Monday, March 25, 2013

A Surgery Documentary

 Chuck and I continue to document our respective families but chose not to continue FPJ a while back. However, sometimes personal work needs an audience, or perhaps the photographer needs one. Sometimes sharing one's images conveys to others what one cannot express in words.

 One of the most difficult experiences of my life has been the recent surgery of my 4-year-old son Isaac. We took him in for a scheduled MRI and life quickly went from "What will we have for dinner after the MRI?" to "When is his surgery scheduled for?" They found a large tumor in his cerebellum and three days later, they removed it in the course of a 9-hour surgery. Some blood, many machines and wires, blood pressure cuffs, medications and myriad hospital staff became our reality. This monotony was often, and thankfully, disturbed by friends and family. All of these elements, those that brought pain and those which provided relief were equally a part of the story and deserved their portion in the documentary.

 This set of images has some rather rapid transitions and a number of lulls. Both of these represent our experience. Much time spent waiting, sitting, watching cartoons, distracting, and consoling, while many and frequent changes found us at other times in very brief spans. In a moment, we shifted from innocence to knowledge, from a healthy son to one on the verge of catastrophe. And life began to be lived one moment after another. Life often presents rapid change, rapid transitions. As such, I intentionally avoided any attempts to smooth out this set, to fine tune it and hope that it speaks for itself outside of my background information.

 Lastly, it has been my observation that emotions are often absent in photography, save the smiles and laughs, which, while valuable, belie an existence none of us can know exclusively. Sadness and pain are real. If we choose to omit those in our documentary, we do a disservice to our remembrance and create an artificial life, bereft of the things that made us value one another more deeply. I found no reason to leave my camera at home. This is our life, after all. For good or bad, I wanted to remember it. What follows are the moments from first entering the imaging area and donning the hospital pajamas to our eventual homecoming and the beginning of a new chapter of recovery. What follows is my view of those events.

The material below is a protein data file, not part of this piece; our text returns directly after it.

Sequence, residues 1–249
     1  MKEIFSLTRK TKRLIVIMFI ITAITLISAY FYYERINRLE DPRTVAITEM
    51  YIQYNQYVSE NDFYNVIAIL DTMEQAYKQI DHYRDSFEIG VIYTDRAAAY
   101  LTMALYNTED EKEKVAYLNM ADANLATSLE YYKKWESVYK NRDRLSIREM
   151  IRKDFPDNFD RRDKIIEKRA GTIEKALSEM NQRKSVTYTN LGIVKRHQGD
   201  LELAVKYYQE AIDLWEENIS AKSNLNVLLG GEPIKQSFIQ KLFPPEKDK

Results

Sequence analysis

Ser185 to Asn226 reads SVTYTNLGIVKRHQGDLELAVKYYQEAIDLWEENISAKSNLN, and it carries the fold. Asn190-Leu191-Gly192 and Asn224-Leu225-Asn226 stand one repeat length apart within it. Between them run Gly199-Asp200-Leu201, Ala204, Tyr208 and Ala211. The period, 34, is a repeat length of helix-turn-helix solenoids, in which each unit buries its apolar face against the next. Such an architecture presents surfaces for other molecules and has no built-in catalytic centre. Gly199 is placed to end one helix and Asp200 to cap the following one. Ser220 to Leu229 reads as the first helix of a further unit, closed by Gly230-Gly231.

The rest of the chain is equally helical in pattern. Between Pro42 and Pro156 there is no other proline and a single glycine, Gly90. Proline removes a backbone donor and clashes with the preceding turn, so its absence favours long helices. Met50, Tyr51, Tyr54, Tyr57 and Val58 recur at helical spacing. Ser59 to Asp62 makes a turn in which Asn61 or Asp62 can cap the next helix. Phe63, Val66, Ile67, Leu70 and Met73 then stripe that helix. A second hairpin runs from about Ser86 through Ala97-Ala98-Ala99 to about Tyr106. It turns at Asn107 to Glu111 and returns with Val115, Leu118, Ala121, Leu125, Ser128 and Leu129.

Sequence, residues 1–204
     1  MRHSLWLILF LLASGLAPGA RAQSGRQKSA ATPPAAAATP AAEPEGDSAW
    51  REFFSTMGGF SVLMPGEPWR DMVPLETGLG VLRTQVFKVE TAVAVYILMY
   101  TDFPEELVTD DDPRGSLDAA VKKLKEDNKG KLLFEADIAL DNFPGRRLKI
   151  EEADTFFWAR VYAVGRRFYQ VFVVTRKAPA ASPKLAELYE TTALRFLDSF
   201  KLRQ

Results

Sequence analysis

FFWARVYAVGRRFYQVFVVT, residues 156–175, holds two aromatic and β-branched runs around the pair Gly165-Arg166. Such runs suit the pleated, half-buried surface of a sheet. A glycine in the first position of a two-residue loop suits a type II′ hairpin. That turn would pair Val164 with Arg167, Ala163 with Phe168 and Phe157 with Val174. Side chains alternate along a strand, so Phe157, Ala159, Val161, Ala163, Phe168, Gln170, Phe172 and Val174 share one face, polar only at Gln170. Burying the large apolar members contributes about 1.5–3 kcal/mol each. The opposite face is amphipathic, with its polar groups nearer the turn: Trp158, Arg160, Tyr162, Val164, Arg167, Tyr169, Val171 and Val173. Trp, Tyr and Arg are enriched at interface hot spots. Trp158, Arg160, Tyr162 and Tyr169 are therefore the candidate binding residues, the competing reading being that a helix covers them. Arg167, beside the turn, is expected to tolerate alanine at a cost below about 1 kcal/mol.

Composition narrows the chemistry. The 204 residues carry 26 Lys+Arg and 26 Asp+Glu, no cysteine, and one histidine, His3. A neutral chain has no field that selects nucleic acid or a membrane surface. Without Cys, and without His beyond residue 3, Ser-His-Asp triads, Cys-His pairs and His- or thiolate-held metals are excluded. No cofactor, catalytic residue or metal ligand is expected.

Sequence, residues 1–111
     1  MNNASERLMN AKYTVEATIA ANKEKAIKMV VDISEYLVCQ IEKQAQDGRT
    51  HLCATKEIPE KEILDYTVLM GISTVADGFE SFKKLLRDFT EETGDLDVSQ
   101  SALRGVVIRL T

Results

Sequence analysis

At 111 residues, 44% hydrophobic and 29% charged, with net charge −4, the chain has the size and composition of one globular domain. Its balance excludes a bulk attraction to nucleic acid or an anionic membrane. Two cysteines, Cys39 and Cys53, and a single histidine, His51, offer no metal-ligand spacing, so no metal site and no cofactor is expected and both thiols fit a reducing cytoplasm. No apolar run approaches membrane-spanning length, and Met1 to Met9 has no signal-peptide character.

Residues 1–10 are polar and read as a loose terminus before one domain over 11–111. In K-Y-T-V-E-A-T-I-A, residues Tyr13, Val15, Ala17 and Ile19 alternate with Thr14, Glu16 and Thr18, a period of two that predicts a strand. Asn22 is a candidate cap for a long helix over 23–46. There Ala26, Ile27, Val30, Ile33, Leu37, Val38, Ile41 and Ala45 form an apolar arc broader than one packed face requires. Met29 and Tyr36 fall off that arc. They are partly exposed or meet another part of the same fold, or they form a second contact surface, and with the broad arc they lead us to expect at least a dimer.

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Sunday, September 4, 2011

Framing Elements

Hey guys. Been a while. I'm trying to get one in before Tuesday--my wife and I are having a little girl that day. So, I'll be out of commission for a spell.

In the last couple posts of mine, I'm sure you noticed that I used images taken in similar environments. This has been intentional and by it, I'm hoping to make the point that an image might be taken in many different ways. Many of our homes are not photo friendly. It can be frustrating, between the clutter and imperfect wall hangings. A good photographer can see beyond that, though, to find order amidst disorder. My photo heroes are able to do this, including Steve McCurry and Sam Abell. We have talked about visual organization before and will continue to because it's elemental in documentary work (or any other type for that matter).

Look for items which might act as natural frames. Simple shapes, non-distracting items, etc. The more simple the item, the less it will detract from your subject (generally speaking). Use this approach to create symmetry.

All 3 shots I'm sharing in this entry were taken in July in my boys' room. Two contain a singular element, which is the Sesame Street painting, the other a portion of the top bunk and curtains. The boys' room doesn't contain many interesting visual elements and I've learned that more is not always better (i.e., just shooting wide and letting the chips fall where they may). When the angle is right, the painting can be a useful element in organizing my shots.

The shot below is a recent favorite of mine. I like the symmetric and boxy feel of this composition. I like my oldest son's eyes, which are barely visible over the safety bar. I like the way he and his brother's bodies lean in to one another, while their gazes are not singularly focused on the same area. This helps draw attention to their closeness while adding a tension to the image. I like the simplicity of it all. The window helps to close out the composition and keep the viewer from straying too far. It's very graphic.

My oldest enjoys using this camera body, which I've "given" to him (a manual minolta body I learned on). Anytime I pull my camera out, he runs to get his as well. He was taking a photo of me. I lined up the painting to his right (rather than directly behind him) and used the edge of the bunk beds to close out the frame. If I left it open, it would still work but would have a looser feel rather than the staunch symmetry afforded by straight, closed lines.

This shot uses that same painting as an element to close out the shot. Again, I like placing the boys to one side of the frame (but still without pushing them to the far edges) and balancing them with a symmetrical element (painting). When you're seeking out a composition, look for those elements which will fill out a shot without becoming busy or "cluttery".

It took me a long time to learn to see natural lines. It takes practice. It takes studying good photography to see how they did it. I hope this is useful, guys. Have a good one.


Monday, August 8, 2011

Using Mirrors

The shot above was my first realization that I could be in my own shots. True, many of us took at least one picture of our feet early in our photo journeys or perhaps a shot into the mirror but everyone does that. It's a virtual rite of passage. But in the shot above, I incorporated myself into the story of the moment in a less direct way than photographing my feet or myself in the bathroom mirror.

This post will look at creative ways to use mirrors and even how to incorporate ourselves into our images. I find both concepts interesting but as with any other technique, moderation is key. I use techniques such as this sparingly and for some reason (perhaps because I see way too much reliance on gimmicks these days), feel the need to say so.